Disaster Kit – Part 1 (bug out)

When preparing for anything it greatly helps to know what you are preparing for. Although you can’t predict the future, there are different statistical likelihoods that certain events will happen.

Luckily I live in a fairly peaceful part of the world and major earthquakes, hurricanes, volcano eruptions, tsunamis and other natural disasters are unlikely to occur. This fact saves me from a lot of “home improvements” to counter those immediate threats. Don’t get me wrong, I would love to have a bunker in the backyard, I just don’t have a real need for one at the present.

What I am vulnerable to however, is what usually follows any natural disaster, namely the disruption of infrastructure. We have come to rely so much on running water, electricity, phones and internet access that when one, or all of those, stop working, most people have no idea how to cope. History tells us that some degree of chaos and anarchy is likely to follow.

In the following I will try to lay out a basic list of what you should have available in case infrastructure fails for a short time. As even the basic list is fairly extensive I will be dividing this post in two posts based on whether you want to shelter in place or bug out. Part one deals with bugging out.

The scenario

A major disaster just hit your area and has taken out power and landlines. There are still a few mobile providers available, running on backup power, as is the water supply. The disaster is such that you do not expect power to come on again anytime soon, which means whatever infrastructure is still running will soon fail. It’s time to get out of Dodge. Rural roads are still open so you decide to take your car.

This is what you will need (partly compiled from and

  • Extra fuel for your car (about 1000 kilometers / 620 miles worth)
  • At least one spare tire and tools to change tires.
  • Water: One gallon per person (about 4 liters) per day (3-day supply for evacuation)
  • Food: Non-perishable, easy-to-prepare items (3-day supply for evacuation)
  • A way to prepare food (camp stove or similar)
  • Headlamp and/or flashlight (I recommend a good headlamp to keep your hands free)
  • Battery-powered or hand-crank radio (in case you have to ditch the car)
  • Extra batteries
  • First aid kit
  • Medications (7-day supply) and medical items
  • Multi-purpose tool with can opener
  • Sanitation and personal hygiene items
  • Copies of personal documents (medication list and pertinent medical information, proof of address, deed/lease to home, passports, birth certificates, insurance policies)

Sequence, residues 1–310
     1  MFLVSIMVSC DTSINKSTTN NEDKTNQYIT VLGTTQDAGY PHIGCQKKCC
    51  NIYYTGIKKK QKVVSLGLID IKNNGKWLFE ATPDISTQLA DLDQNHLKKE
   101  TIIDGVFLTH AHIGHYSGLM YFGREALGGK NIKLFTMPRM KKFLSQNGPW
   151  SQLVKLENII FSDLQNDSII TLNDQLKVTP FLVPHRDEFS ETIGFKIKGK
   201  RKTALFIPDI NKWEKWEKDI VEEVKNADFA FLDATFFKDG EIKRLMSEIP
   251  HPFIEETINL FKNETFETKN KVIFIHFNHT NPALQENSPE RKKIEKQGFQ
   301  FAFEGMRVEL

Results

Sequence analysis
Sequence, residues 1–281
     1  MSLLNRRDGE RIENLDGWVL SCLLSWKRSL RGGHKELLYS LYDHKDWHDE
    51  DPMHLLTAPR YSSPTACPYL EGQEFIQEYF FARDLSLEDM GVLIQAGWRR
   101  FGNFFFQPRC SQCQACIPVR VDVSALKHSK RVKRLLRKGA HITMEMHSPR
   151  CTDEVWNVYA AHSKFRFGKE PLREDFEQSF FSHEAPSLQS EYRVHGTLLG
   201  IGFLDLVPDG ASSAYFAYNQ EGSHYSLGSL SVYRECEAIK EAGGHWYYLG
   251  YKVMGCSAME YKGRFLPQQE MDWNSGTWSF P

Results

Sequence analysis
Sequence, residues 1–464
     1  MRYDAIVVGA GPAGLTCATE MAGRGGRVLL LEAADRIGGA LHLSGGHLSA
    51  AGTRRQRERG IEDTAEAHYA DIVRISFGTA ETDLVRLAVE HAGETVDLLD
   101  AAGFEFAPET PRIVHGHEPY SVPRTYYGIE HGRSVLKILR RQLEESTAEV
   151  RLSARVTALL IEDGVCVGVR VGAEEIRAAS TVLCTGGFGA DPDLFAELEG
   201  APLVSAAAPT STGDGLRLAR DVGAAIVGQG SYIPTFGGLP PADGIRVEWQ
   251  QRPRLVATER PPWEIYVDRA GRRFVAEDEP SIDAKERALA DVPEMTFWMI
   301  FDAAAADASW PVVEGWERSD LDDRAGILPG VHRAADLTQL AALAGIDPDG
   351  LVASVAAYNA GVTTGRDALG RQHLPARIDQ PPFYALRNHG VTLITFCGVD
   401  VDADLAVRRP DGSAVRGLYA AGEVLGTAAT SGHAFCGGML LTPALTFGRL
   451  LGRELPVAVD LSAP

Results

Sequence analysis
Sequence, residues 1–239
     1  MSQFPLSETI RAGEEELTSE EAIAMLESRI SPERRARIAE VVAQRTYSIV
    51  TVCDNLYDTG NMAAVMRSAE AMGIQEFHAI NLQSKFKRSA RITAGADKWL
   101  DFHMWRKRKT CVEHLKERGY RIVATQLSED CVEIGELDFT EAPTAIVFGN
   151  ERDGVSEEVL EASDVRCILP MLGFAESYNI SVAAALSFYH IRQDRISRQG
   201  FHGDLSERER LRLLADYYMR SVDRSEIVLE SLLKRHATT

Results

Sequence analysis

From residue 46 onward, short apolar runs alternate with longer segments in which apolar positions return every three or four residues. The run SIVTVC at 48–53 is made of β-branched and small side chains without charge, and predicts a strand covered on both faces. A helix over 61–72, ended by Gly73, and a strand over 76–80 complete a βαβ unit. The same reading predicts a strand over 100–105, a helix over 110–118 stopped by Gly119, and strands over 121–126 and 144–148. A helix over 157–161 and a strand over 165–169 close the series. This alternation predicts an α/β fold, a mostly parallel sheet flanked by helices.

• Cell phone with chargers (for mains and for the car)
  • Powerbank for charging phones
  • Family and emergency contact information
  • Extra cash
  • Emergency blankets
  • Map(s) of the area (preferably with suitible escape routes already plotted)
  • Duct tape
  • Soap
  • Alcohol based disinfectant
  • Household chlorine bleach and medicine dropper (bleach can be used as a disinfectant by diluting nine parts water to one part bleach. For emergency water treatment use 16 drops of regular household liquid bleach per gallon of water. Do not use scented, color safe or bleaches with added cleaners)

be_red_cross_ready_horizontalIf you have children or babies consider special needs such as entertainment, diapers, formula etc. The same is applicable for pets (leash, food, ID, water and bowl)

Depending on the type of disaster, you might need to protect yourself from dust or contagions, and for that purpose you will need at least a N95 or FPP3 mask fitted for every family member. Forget about surgical masks as they do little to protect the wearer from dust or infectious agents. Furthermore a good quality chemical protective clothing, with at least type 3 and 4 protection, is nice to have on hand, for added protection from radioactive particles and infectious agents.

Keep in mind that in most survival situation water and heat are your most precious resources, so fill up on water and fuel as long as those resources are still working. Tools for making fire, dry and warm clothing and blankets/sleeping bags can be essential in surviving in cold climates.

Lastly when travelling in a group, a means of communicating (such as two way radios) can prove immensely valuable.

The list above is by no means complete, but it will most likely cover the basic needs and these are the items I have stored for my family. Part two of this post will deal with the scenario of sheltering in place.

Which items do you have in your “bug out” disaster kit?

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